Goals are only for losers
Scott Adams, creator of Dilbert, says so. He attributes his success to a different approach to goal setting.
Adams created a system that allowed him to create in public and gauge the reactions of the public early in his career. Adams’ creations include comic strips, businesses, and different writing styles.
How To Fail at Almost Everything but Still Win Big: A Kind of the Story of My Live, he said, “By being system-oriented, I felt that I was growing more capable each day, regardless of the fate of any project I was working on.”
The Problem with Goals
Goals will give you something to strive for, but they are temporary.
If the goal is difficult, it can be stressful to work on it and not see any progress. Changes in circumstances can also make it difficult to control the outcome of a goal.
An executive might set the goal to become a manager in a company, but the company will have to reorganize itself because of financial cuts and reduce the number managerial positions.
This makes it impossible for executives to achieve the desired goal, at least not in the medium and short-term.
People who are goal-oriented live in constant pre-success and failure, at best, and permanent failure if they never succeed. People who are systems people achieve success every time they use their systems. This is because they did what was expected.
What a System Looks Like
Systems are similar to habits, in that they represent what you do every day. They are the expression of your vision, values, and beliefs.
A runner may set the ambitious goal to run a marathon in three hours. He could also create a training program where he trains at certain times each week and logs the results.
A coach might also set a goal to find 10 new clients by the end the month. If she doesn’t find any leads by the end of the month, it will be a disaster.
She could, on the other hand, create a system in which she dedicates an hour per day to sales calls, sending relevant email to her email list, and working on her coaching program.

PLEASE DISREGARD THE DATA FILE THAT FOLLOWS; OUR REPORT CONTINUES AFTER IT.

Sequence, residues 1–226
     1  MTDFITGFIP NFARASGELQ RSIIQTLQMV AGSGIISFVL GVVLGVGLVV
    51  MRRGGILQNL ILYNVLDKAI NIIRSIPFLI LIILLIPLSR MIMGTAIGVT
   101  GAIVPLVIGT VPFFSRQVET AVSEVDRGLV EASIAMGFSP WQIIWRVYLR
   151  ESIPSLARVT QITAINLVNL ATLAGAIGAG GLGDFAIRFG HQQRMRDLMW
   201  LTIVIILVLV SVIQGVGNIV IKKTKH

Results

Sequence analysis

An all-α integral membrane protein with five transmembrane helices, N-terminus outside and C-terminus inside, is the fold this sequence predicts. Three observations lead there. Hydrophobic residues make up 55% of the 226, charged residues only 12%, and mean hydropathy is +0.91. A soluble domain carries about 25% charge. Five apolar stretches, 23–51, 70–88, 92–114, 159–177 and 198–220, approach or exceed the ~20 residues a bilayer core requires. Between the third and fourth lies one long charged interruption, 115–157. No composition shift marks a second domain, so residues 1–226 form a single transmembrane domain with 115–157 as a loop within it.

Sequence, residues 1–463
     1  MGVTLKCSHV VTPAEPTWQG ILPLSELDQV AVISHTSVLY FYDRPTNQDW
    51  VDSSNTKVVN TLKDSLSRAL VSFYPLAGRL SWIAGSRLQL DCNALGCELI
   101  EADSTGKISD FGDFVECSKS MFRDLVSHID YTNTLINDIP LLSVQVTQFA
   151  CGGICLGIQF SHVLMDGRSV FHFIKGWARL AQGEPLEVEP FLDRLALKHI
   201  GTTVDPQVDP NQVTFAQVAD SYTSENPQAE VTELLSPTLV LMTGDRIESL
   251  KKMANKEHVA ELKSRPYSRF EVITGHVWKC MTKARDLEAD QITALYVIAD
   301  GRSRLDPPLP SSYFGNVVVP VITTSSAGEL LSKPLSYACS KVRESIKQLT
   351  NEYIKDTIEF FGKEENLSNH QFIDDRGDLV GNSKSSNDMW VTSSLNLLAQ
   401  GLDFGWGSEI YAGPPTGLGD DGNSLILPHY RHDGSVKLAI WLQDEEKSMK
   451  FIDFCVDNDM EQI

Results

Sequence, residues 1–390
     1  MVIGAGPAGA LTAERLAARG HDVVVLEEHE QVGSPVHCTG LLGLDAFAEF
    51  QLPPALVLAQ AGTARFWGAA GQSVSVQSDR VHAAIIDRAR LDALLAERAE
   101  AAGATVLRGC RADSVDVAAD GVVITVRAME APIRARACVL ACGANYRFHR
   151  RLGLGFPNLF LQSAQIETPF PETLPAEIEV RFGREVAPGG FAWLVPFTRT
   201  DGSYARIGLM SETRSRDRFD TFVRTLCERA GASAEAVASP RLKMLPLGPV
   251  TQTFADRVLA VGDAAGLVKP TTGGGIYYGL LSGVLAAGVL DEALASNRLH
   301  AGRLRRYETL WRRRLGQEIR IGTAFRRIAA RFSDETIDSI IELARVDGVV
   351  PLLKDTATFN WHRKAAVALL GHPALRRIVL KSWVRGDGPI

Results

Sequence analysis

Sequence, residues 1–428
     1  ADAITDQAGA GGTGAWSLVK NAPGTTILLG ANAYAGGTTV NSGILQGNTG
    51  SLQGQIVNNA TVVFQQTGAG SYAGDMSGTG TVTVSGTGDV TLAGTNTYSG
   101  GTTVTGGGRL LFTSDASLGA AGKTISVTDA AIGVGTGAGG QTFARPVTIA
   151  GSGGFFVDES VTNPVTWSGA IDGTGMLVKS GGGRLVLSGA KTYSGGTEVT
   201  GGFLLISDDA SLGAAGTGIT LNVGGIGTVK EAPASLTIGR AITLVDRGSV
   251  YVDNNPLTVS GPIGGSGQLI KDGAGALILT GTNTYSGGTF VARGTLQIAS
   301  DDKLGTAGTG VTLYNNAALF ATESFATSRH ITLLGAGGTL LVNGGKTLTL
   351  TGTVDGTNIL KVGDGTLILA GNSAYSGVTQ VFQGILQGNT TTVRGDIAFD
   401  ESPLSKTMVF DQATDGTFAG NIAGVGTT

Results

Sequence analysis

How to Create Your First System
To create a system, you don’t have to be a psychologist. Instead, track your outputs and activities to see what is working and what isn’t.
Spreadsheets are great for organizing systems. Let’s take, for example, the goal to publish a nonfiction book this year. To track how often and what you write, and the status of each chapter in your book, you will need a system.
You can create a spreadsheet that tracks these metrics in each column. A column could be added to your spreadsheet that contains notes about your progress. This will allow you to refine your system over time.
Similar to the coach, our runner could keep track of his or her daily runs by keeping a log.
Test Your System
David Allen, author of Get Things Done, recommends holding a weekly review. He wrote:
The Weekly Review is what you need to clear your head. It’s going through the five phases of workflow management–collecting, processing, organizing, and reviewing all your outstanding involvements–until you can honestly say, ‘I absolutely know right now everything I’m not doing but could be doing if I decided to.’
This is a great time to identify what’s working in your system. The coach might choose to reach five clients instead of three each day. Our lazy writer might decide that he will increase his daily word count by 300 to 500 words per day.
You will find that you don’t have to spend as much time tracking your activities. This will allow you to make progress in other areas, such as finances, fitness, or business.
Are Goals for Losers Really Worth It?
You can’t avoid goals when you work in a company.
Instead of abandoning your goals, you can combine them with a system to get the best of both.